The Inner Work Of Weight Management

Posted on July 8th, 2013 by in Healthy Living, Nutrition

InnerJobLike so many, I’ve spent most of my life battling the same 10 or 15 pounds, losing them with great pride only to gain the weight back again and berate myself for allowing it to happen. Recently, determined to make a change in the way I look and feel, I signed up for a fitness boot camp that involves regular weigh-ins and writing down every morsel you put in your mouth. I dread the pain and agony of the workouts, but I sure like the way I feel in my clothes again. I dropped 10 pounds in a little over a month.

Because I’m really watching what I eat these days, I’m especially interested in Annie B. Kay’s concept of “the inner work of weight management.” An integrative dietician, nutritionist at Kripalu, and Kripalu Yoga teacher, Annie knows the slippery emotional slope on which those of us with food and weight issues live.  Both weight loss and management are a process, she says. Sometimes we indulge–and it’s OK.

Instead of throwing in the towel when the scale begins tipping upward, it’s imperative to remind ourselves that we’re not miserable failures because we gained a pound or two. Have some self-compassion. Notice the triggers that cause you to order the four-cheese pizza instead of the salad, and then get back on the horse and resolve to eat more wisely.

Those of us who struggle with weight, Annie says, know that emotional eating is often at the root of weight gain. I know my tendency is to turn to sugar when I feel stressed out or sad, when I want comfort or feel alone. The inner work of weight management, according to Annie, involves asking ourselves what we’re really needing in those stressful, sad, and lonely moments. Do we need to do call a friend or do some deep breathing? Do we need to cry some tears or express our anger to the one we’re angry with?

And when we want to reward ourselves for an accomplishment with food, what could we reward ourselves with instead? A bubble bath? Movie night with a friend? A massage at the local spa?

We think losing and maintaining weight are only about the ratio of calories consumed to calories burned, but there’s a lot more to it. A little self-inquiry and a little self-compassion, Annie’s convinced me, go a long way toward keeping not just our bodies in healthy shape, but our minds and hearts, too.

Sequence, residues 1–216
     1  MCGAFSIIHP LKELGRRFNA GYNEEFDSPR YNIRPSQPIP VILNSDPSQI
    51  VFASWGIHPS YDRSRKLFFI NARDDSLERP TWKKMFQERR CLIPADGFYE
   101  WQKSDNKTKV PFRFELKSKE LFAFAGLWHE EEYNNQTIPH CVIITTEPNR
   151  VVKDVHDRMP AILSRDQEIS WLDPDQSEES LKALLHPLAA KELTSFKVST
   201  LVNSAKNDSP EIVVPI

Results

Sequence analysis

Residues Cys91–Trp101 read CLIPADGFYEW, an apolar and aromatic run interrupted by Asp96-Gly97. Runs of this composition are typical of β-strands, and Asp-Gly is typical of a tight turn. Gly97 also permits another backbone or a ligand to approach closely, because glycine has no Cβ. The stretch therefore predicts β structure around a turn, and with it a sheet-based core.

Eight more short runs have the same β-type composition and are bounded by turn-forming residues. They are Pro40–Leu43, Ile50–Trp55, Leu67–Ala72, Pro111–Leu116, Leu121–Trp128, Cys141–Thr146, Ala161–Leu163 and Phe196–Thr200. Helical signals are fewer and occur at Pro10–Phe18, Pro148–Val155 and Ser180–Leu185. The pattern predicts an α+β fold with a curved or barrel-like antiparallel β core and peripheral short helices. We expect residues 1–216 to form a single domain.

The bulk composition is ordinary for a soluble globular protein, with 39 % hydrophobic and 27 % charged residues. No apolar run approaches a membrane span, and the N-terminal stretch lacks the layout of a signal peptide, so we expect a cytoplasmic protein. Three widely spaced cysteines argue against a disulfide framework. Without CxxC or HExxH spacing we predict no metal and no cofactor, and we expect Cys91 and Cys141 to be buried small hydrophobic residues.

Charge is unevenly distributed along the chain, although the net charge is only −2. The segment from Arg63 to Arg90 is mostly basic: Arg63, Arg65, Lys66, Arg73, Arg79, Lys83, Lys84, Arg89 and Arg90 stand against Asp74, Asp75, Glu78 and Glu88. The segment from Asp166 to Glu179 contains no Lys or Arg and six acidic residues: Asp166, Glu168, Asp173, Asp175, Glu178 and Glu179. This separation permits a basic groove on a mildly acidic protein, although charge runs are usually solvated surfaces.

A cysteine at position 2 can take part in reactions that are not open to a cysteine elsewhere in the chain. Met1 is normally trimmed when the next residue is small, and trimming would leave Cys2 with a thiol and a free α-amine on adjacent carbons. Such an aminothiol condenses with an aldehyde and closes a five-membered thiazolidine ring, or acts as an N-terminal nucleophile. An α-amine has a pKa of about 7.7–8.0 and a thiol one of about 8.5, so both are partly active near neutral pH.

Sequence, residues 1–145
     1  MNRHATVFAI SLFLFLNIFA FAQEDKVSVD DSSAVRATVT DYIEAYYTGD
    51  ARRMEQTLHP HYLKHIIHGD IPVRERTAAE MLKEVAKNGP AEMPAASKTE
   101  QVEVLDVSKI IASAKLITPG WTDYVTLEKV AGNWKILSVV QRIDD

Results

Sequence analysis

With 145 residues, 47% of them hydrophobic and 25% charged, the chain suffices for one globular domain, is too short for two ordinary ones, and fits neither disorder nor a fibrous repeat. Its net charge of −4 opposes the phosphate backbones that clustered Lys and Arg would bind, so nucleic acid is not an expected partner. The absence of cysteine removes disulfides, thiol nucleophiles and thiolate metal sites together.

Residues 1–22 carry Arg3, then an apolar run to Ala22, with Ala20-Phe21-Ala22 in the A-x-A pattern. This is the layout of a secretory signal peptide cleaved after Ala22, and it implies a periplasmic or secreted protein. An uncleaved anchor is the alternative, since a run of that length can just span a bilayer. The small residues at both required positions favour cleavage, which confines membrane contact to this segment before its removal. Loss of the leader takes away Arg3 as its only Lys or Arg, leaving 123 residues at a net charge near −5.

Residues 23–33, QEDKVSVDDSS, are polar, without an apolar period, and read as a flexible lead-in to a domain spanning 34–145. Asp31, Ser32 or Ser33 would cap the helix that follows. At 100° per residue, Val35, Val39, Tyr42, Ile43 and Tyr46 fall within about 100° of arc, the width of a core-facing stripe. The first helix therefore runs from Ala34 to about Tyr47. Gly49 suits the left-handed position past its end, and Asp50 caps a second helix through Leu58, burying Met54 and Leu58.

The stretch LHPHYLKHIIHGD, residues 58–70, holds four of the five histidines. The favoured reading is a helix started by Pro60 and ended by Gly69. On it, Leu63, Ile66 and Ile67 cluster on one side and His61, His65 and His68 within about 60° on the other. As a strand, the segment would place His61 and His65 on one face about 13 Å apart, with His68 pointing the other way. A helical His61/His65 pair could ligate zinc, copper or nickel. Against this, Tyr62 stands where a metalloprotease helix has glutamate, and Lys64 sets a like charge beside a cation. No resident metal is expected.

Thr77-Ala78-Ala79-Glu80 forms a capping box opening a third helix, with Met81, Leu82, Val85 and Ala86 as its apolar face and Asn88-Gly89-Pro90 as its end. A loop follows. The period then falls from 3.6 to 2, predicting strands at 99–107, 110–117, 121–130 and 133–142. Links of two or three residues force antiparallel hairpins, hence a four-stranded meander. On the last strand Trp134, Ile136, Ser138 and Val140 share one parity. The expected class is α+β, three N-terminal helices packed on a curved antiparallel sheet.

Join Annie to learn more.

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About Portland Helmich

Portland is the creator, host, and producer of the Kripalu Perspectives podcast series. She's also is the creator, host, and executive producer of What’s the Alternative?, a series of 52 half-hour talk shows about natural and alternative forms of healing the body-mind on Veria Living TV, a natural health channel on DISH, FiOS, and Frontier. For 15 years, Portland’s been investigating natural health and healing as a host, reporter, writer, and producer. She's been an alternative medicine correspondent for Oxygen, a health reporter for The American Consumer on PBS, and was the creator, host, and executive producer of Journeys Into Healing on Wisdom Television. She produced for HealthWeek and Healing Quest on PBS and was a medical producer for WCVB-TV (Boston’s ABC News affiliate). She’s also covered the subject as a freelance writer for Body + Soul, Alternative Medicine, and Spa magazines. Portland currently lives in Boston and produces other natural health programming for Veria Living TV.
  • My Peace Of Food

    I have but have not finished a book called Savor by Thich Nhat Hanh that was recommended to me to explore why we want to eat certain foods (because we associate certain positive memories or sensations with them). Like iced coffee on a hot summer day (reminds me of when Starbucks first opened and we used to walk there for iced mochas!), ice cream out with the family (family time! kids! fun! care-free!), down-home Southern BBQ that takes us to backyard parties and easy socializing. I think if we did this individually with so many of the foods we eat, it would reveal a whole lot. (And you can enjoy the ice cream with your family…but a few bites will probably be enough once you start realizing it’s their company you’re after, not the mint chip!)

    • Portland

      Whenever I bite into a juicy peach or plum, I remember gobbling many of them during visits to my grandmother’s house in the summer. It’s usually sweets that I associate with sweet times … collard greens and daikon don’t seem to call up those feel-good memories. Wish they did!

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